So anyway. I'll be back in a bit and P.S., I'm going to the U2 concert tonight, I just thought I'd brag on that real quick.

Monday, October 5, 2009

Under Contract.

Well we have a contract on our house. It's an answer to four long months of prayer and a huge relief, but my heart is completely broken. It still hasn't completely sunk in that I have to leave my beloved home. We'll be moving to Georgia in about five weeks. I can't even really talk about it yet.

Instead here are some Texas-themed photos. Here are my girls' toes after they stayed with the babysitter last week:

What, you don't paint your state flag on your big toe? What is wrong with you?

And here is my boy, who lately seems to have a All-Texas wardrobe, thanks to his Daddy.

Monday, September 28, 2009

Update. How's that for a title.

Y'all. I am on day 3 of the carnie job and I am Ti-urd. It has been wild. First of all, let me say this: the State Fair of Texas? It is big. It's big. It's just big. And people LOVE it. They get so excited about it. All of the people I have met, from the fellow employees of the fair to the visitors to the random people on the train going to and from the fairgrounds, have been so unusually friendly. I mean friendly even for Dallas people, who are normally pretty cordial to begin with.

And y'all, they are CHATTY. People just want to talk to me all day long and tell me stories. These chatty people are everywhere. What is with these people? They just talk and talk and talk. I guess I've been an isolated stay-at-home mom for too long, but I'm just overwhelmed by all the talking and all the friendliness. People stand at my booth and tell me about their fight with cancer and their successful weight loss and their former steroid use and their thoughts on Texas A&M's quarterback and their walk with Jesus and their traditional State Fair Opening Day Matching T-shirts and where to get the best corn dog...it just goes on and on all day long.

Now so far, very few of these chatty people have actually bought things from me, but I'm working on my sales technique. It's weak, to say the least. Let's say it's very weak. I'm still learning.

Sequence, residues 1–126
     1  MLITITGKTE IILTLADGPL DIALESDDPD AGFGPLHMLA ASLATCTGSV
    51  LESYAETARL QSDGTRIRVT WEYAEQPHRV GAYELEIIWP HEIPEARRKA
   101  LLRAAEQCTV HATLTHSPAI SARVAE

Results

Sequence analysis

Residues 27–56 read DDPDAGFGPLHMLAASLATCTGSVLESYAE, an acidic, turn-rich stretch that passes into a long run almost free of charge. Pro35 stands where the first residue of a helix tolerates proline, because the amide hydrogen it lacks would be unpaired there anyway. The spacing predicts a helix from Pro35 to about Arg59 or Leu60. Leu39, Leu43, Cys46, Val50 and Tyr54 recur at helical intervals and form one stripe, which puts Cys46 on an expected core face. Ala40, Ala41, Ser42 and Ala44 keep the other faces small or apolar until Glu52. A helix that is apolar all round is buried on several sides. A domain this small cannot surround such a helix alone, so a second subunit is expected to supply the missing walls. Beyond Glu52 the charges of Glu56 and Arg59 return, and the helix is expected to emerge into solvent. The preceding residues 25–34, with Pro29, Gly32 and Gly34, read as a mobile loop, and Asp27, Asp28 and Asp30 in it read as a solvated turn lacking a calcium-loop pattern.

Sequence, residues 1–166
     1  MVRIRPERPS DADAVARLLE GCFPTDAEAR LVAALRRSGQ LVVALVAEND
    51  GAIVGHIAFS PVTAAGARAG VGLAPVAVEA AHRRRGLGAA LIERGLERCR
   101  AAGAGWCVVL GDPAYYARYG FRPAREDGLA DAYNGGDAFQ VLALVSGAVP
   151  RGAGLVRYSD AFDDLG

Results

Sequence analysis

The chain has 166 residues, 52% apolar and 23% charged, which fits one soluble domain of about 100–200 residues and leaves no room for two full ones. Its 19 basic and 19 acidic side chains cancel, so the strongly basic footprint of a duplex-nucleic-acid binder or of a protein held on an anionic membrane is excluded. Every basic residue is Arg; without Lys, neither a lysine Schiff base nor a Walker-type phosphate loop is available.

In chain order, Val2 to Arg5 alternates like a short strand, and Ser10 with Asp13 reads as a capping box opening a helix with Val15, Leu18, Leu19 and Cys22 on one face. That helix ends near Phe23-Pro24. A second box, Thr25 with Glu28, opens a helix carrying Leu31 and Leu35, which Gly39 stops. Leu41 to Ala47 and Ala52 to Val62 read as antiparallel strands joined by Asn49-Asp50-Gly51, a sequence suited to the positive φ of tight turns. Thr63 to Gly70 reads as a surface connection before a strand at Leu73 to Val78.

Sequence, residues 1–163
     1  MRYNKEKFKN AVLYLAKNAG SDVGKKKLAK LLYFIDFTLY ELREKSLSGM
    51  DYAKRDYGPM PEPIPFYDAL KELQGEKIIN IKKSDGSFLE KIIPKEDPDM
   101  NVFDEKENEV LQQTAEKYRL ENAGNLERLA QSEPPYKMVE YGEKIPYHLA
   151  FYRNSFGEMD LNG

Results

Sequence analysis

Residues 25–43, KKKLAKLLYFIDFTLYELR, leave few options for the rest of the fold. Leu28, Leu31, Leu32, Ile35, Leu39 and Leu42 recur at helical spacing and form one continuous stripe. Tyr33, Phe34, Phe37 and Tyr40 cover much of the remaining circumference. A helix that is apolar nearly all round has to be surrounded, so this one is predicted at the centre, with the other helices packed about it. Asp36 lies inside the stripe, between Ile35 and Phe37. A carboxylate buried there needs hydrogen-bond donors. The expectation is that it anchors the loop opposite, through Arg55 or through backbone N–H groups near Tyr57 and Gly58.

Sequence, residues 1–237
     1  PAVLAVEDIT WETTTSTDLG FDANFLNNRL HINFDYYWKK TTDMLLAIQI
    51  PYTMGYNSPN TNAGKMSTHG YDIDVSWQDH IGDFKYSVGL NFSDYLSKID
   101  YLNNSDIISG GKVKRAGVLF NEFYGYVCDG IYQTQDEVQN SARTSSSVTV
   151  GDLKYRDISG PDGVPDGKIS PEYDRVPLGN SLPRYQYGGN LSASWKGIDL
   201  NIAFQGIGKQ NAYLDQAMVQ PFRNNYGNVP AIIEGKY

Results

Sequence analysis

Another job perk: I sit next to a very large 'before and after' poster of some women who have used the stretch mark cream and it basically just shows women's bellies covered in stretch marks (not pretty) and then their very much improved bellies eight weeks later. (P.S. This stuff really does work, but it costs $59, like for a month's supply, and it's been a little tough to sell, have I mentioned that?)

Anyway, one unintended consequence of sitting next to this lovely poster is that people walk by, see the poster, look at me, look back at the poster, and do one of the following:

1. Recoil in horror (usually teenagers and single guys)
2. Ask me if that is me in the photo. (usually older men)
3. Lift their shirts and reveal giant beer bellies and ask me if I can improve that. (usually guys who have had a few beers)
4. Start tugging on their wife's sleeve and saying, "Honey, let's check this out!"
5. Glare at husbands who have just called them out in public for having stretch marks.
6. Nod knowingly at the photos with a look of recognition on their faces, and then come over and start asking me questions.

The #6 people are the only ones to whom I can really sell anything. I'm still trying to figure out how to sell to the men pushing strollers whose expression says they really want to stop but they don't dare. Maybe I'll just start slipping brochures into their diaper bags when their wives aren't looking.

So anyway, I'm too tired to finish this properly. I'll have more stories later and I hope to sneak my camera out there sometime this week. I know you're dying to see that poster.

Tuesday, September 22, 2009

Here is a list of things.

1. I have a new job as a carnie at the Texas State Fair. Well, I'm not so much a carnie as I am a salesperson working in a booth selling 'Health and Wellness' Products. Among our products, we have an $80 stretch mark cream. Isn't that what everyone wants at the fair? A corn dog, a funnel cake, and some stretch mark cream.

2. I got to take all of the products home to try them out. What makes these people think I need stretch mark cream? I mean, of course I do, but why assume that?

3. The job lasts 3 weeks and I am scheduled for 125 hours, mostly in the evenings. (Please pray for my family) What I will need at the end of that will be some under eye cream. Too bad we don't sell it.

4. House still for sale. Still cleaning. May lose mind.

5. I am really tired of people misspelling the word 'lose' by spelling 'loose'. 'Lose' is the present tense for 'Lost'. 'Loose' means something is wiggly. I've overlooked it on Facebook for a long time, but last night when I was handed an official work document that stated "this product will not help you loose weight", I'd had enough. (Of course it won't help me loose weight. Why would I want my weight to be loose?) This spelling atrocity must be stopped.

6. There are no more renovations in the works. I am sick of renovations.

7. We had a slight brush with swine flu last week. And by slight I mean that Katie was sick for a day or two, then my neighbors got sick with the same thing and actually went to the doctor and tested positive for swine flu. Thankfully no one else seems to have gotten it [yet] despite half of the students in our school being sick.

8. I got a nice surprise from my husband the other day: Tickets to the U2 concert at the new Cowboys stadium! Wooooooo hooooo! I just have to figure out what to wear; I don't think I own anything cool enough for that. But at least my stretch marks have never looked better.

Thursday, September 10, 2009

Before and After

And now I will subject you to my renovation updates. First up: the Beige Bathroom.
Here is the Hideous Wallpaper Adhered to the Wall by Satan Himself: